There is quite a bit of evidence in predictions that the average of the predictions by various experts outperforms, on average, the guess of any one. So that is not clear.
That's how I understand the ideas that market prices are about right (as in EMH), because they incorporate the views and decisions of all participants. For the same reason a global market capitalization weighted allocation makes sense, since it's the portfolio held by all investors as a whole. To me personally, that makes more sense than just taking the average between the views of two experts.
Yes but it is also true of the views of experts.
Then you run into the problem of defining the "experts".

As evidenced on this topic, investors are more likely to view people who agree with them as experts regardless of their actual qualifications.

For instance, what real asset allocation expertise does someone like Jack Bogle or Warren Buffet have? Virtually none, certainly not in comparison to the fleet of Ph.Ds that work in portfolio construction at major investment firms or professors who have spent their careers studying the field. Yet how far to do you have to look to find Bogleheads saying something to the effect of "never mind that virtually every expert says that 30-40% international is the optimal allocation, Jack Bogle says I don't need any so that's good enough for me"?
"Far more money has been lost by investors preparing for corrections than has been lost in corrections themselves." ~~ Peter Lynch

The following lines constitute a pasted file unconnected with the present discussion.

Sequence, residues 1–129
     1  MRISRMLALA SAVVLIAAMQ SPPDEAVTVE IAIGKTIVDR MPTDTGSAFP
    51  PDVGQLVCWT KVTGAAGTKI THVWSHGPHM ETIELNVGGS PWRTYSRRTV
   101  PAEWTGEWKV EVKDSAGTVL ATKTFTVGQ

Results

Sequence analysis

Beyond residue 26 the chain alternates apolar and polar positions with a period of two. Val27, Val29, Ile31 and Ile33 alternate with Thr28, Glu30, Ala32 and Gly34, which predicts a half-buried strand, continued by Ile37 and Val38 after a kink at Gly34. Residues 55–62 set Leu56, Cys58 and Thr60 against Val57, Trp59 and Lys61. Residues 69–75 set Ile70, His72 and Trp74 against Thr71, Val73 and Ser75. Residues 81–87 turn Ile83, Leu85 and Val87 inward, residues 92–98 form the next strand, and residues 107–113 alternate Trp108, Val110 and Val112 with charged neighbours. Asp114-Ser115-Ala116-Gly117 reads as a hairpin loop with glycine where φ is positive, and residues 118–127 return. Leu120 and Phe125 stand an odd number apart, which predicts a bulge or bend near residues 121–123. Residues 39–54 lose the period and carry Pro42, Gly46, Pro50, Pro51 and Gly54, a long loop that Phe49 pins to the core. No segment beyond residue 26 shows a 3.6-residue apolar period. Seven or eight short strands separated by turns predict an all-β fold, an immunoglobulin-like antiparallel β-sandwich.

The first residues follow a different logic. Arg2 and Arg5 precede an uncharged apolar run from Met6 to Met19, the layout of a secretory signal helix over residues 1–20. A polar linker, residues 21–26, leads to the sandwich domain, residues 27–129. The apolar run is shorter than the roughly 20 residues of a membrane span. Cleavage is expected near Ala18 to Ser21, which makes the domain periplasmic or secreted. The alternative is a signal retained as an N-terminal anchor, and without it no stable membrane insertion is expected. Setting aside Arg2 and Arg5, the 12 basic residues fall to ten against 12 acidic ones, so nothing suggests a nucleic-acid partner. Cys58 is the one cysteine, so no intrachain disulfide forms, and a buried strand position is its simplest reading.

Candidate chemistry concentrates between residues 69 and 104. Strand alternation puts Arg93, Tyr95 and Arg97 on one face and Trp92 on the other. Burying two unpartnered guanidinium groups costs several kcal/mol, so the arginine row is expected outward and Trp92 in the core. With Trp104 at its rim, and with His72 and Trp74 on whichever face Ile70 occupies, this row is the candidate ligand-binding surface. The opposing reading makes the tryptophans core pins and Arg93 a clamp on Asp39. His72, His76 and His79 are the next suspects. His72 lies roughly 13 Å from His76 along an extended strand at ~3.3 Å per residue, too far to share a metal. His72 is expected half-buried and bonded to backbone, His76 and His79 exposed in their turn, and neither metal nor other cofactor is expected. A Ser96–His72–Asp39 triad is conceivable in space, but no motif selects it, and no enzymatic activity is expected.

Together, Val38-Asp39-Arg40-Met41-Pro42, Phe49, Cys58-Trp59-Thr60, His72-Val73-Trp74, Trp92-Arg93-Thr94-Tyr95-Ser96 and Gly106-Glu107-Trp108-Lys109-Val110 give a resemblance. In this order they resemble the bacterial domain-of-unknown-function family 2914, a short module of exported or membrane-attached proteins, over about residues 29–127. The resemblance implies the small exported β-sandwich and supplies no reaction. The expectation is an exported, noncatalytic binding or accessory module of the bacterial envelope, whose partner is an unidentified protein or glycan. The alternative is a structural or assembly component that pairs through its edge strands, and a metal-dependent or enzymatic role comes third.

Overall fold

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Re: Our International Allocation?

Post by steve321 » Thu Oct 04, 2018 9:13 am

Valuethinker wrote:
Thu Oct 04, 2018 8:40 am


What's harder to defend is not also then hedging back to your home currency. That would theoretically give you the greatest diversification where it matters (stocks) but eliminate diversification which is unlikely to be of long run benefit (currency).
Hard question, though for Uk investors who had not hedged it worked out well the morning after the Brexit referendum :wink:
More generally, I listened to a Meb Faber podcast (it was the subject of an OP on Bogleheads) in which he interviewed Elroy Dimson (who spoke in a very different accent :wink: ). Dimson said that in the long run exposure to foreign currencies does not matter; in fact he said that it can be a hedge against inflation in your own country. Something in the Uk we might have to worry about...

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Re: Our International Allocation?